• Q1. Why doesn't C# support conditional tests as part of SEH, such as try..filter..catch in CIL or Try..Catch..When in VB?

    Q2. Why doesn't C# provide a more flexible means of specifying interface implementation? E.g.

    protected virtual void MyMethodCore() implements IMyInterface.MyMethodCore {...}

    instead of

    void IMyInterface.MyMethod() { MyMethodCore(); }

    protected virtual void MyMethodCore() {...}
  • Okay check this out...

    My DBA writes procs that take integers..if I have class member variable defined as an integer I can't assign an integer a null value obviously (ya ya value type, stored on the stack, I know I know)

    But sometimes I have to pass SQL Server a null value, my variable is an int, the proc expects an int, but in SQL Server as you all know if you have a proc that takes an int you can just say

    exec usp_SomeProc @MyInt = NULL and Sql server will completely treat the Int like a null..and ignore that parameter

    thats all well and good...however you know the poor middle tier guy designing the classes can't pass an integer parameter with the value null...

    i.e int x = null;//error , yeah we know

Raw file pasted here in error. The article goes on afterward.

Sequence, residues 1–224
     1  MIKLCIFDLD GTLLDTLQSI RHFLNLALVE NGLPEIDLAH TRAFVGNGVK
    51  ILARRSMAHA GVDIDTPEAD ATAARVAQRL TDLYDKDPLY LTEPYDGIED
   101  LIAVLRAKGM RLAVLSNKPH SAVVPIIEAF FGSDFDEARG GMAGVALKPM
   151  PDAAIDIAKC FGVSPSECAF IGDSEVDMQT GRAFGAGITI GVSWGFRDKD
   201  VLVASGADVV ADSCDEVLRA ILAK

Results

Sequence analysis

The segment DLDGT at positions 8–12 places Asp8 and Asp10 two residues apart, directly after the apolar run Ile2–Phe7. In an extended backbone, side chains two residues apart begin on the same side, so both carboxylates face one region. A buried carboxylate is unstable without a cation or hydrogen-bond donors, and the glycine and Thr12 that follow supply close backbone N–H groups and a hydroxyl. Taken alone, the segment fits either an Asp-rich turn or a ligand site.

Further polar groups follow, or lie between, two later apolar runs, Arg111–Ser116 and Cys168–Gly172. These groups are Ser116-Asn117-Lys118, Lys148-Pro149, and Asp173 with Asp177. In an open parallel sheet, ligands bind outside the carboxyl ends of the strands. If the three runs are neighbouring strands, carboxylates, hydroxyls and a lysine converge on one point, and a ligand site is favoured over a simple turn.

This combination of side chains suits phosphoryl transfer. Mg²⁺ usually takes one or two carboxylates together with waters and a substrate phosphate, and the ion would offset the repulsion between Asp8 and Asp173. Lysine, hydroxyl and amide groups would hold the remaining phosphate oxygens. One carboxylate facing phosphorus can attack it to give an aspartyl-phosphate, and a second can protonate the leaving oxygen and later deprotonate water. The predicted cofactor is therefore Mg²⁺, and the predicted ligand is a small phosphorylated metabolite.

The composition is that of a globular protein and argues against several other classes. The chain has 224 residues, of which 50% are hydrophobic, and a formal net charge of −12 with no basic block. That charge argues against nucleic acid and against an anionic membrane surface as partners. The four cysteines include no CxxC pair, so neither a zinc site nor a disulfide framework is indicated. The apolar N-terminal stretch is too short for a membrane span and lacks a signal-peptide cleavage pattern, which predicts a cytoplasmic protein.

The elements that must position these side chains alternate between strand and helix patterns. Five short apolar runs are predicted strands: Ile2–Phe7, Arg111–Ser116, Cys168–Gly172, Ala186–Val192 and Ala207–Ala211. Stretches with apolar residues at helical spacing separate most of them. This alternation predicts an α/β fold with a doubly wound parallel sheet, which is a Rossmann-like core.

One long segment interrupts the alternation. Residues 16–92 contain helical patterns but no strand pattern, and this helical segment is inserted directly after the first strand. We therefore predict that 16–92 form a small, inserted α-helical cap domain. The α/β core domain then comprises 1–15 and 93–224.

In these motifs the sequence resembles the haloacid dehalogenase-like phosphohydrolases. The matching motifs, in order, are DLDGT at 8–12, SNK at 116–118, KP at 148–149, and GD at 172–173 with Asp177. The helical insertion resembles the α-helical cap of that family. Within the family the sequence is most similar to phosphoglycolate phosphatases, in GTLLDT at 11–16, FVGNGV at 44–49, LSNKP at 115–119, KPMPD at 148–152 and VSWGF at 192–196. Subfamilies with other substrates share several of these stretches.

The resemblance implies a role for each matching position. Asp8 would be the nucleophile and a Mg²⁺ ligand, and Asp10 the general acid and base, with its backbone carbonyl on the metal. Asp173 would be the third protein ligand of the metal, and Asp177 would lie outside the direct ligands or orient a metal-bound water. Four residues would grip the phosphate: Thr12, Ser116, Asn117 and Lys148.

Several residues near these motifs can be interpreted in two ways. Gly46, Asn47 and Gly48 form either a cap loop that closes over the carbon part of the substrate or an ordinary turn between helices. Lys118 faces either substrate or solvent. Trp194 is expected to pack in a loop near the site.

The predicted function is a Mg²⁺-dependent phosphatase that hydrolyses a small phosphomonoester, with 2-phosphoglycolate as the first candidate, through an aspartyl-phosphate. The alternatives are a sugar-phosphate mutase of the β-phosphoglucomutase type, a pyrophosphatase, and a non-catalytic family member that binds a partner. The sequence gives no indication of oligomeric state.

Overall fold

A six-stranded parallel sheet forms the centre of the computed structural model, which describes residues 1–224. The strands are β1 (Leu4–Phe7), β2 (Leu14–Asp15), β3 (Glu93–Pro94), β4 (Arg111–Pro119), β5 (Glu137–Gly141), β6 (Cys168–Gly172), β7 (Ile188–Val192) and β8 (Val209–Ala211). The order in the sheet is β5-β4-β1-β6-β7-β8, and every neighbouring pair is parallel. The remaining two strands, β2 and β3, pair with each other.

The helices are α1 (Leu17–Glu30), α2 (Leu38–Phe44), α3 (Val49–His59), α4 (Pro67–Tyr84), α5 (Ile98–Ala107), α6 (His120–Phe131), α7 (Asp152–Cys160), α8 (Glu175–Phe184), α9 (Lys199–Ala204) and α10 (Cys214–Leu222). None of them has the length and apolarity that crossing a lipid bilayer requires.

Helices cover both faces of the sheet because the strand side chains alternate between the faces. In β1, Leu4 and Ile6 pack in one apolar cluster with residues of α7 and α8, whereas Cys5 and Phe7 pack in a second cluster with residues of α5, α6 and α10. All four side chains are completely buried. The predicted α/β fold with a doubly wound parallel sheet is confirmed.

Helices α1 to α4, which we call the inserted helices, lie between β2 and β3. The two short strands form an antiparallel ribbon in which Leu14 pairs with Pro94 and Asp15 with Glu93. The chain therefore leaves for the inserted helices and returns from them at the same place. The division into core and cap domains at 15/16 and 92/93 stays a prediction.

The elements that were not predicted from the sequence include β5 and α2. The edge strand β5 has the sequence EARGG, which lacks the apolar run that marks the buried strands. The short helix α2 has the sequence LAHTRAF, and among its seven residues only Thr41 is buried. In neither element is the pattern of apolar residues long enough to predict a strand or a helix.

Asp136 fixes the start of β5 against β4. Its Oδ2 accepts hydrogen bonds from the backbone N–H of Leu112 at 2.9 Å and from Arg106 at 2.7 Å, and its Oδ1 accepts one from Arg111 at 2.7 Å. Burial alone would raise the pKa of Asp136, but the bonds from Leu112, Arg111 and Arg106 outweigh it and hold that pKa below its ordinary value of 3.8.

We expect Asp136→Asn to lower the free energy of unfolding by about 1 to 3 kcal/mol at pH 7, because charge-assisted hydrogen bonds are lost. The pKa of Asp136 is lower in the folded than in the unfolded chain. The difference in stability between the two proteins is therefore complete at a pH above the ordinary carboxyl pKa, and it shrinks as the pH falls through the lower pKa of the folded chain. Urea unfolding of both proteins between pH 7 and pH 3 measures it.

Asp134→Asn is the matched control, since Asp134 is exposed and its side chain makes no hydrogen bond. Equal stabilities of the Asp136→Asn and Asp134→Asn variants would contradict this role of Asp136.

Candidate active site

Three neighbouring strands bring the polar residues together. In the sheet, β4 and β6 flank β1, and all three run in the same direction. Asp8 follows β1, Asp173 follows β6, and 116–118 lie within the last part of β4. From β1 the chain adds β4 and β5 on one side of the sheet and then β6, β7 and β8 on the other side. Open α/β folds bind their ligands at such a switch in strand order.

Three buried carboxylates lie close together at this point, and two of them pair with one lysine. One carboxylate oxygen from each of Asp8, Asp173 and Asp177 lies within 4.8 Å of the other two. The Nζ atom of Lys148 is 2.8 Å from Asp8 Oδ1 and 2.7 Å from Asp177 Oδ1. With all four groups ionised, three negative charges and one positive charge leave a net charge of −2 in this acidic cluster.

I know whats coming, use SqlTypes right...

    But consider this situation where a class has a field called ID that is SqlInt32, but you get into a situation where you need to assign this field from a value in ViewState


    SomeClass sc = new SomeClass();
    sc.ID = (SqlInt32)ViewState["VendorID"];//Error!

    Yessir...System.Data.SqlTypes.SqlInt32 is not you will get the error:The type 'System.Data.SqlTypes.SqlInt32' must be marked as Serializable or have a TypeConverter other than ReferenceConverter to be put in viewstate.

    Thats not cool..whats up with that...maybe the C# team isn't responsible, but could you ask the guys who are this question..why make it implement INullable and not ISerializable? It causes me much grief and I have to resort to cheap tricks..
  • Q: Why doesn't C# have a "handles" keyword?

    In VB.Net, it's easy to hook up events using the "Handles" keyword. E.g.:

    Private Sub TextBox_TextChanged(sender As Object, e As EventArgs) Handles currencyTextBox.TextChanged

    In C#, the same is rather cumbersome -- using += and -= to manually subscribe/unsubscribe to the handlers.

    I understand that the VB Handles keyword is really just syntactic sugar, but IMO it makes for more maintainable and readable code. += and -= seem like overkill for handling simple events.

    Did the C# team consider adding a "handles" type keyword, and, if so, what was the justification for leaving it out? Are there plans to add a "handles" keyword in Whidbey or later versions of C#?
  • Interesting new blog at - "C# Frequently Asked Questions", where the C# team posts answers to common C# questions. Subscribed. Why doesn't C# support default parameters? Why doesn't C# support multiple inheritance? Why doesn't C# support #define macros? Ask your question here....
  • Why C# support variable values for attributes (like [Foo(x)]) however; does not allow that?